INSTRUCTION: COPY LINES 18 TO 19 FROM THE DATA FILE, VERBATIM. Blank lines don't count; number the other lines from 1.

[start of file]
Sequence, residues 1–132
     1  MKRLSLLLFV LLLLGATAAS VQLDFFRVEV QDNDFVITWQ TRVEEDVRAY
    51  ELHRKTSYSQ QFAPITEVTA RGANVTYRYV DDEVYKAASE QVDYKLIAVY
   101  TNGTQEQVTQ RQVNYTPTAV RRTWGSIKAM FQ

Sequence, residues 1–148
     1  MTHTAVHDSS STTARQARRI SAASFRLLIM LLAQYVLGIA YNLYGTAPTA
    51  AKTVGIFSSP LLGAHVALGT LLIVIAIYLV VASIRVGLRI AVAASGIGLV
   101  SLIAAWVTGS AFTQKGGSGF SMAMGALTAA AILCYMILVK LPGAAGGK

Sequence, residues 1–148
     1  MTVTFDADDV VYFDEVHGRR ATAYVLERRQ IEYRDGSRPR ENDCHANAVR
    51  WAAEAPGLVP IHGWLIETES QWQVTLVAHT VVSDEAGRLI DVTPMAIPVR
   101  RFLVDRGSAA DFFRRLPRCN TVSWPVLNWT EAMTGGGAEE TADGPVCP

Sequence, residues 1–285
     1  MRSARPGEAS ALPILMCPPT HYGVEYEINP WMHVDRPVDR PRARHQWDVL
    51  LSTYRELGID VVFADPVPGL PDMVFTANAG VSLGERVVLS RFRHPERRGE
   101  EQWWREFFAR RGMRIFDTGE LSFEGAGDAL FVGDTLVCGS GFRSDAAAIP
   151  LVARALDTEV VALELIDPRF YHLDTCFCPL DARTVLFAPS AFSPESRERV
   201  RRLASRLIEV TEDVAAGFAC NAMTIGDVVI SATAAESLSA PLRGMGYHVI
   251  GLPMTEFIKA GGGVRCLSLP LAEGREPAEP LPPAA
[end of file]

   201  RRLASRLIEV TEDVAAGFAC NAMTIGDVVI SATAAESLSA PLRGMGYHVI
   251  GLPMTEFIKA GGGVRCLSLP LAEGREPAEP LPPAA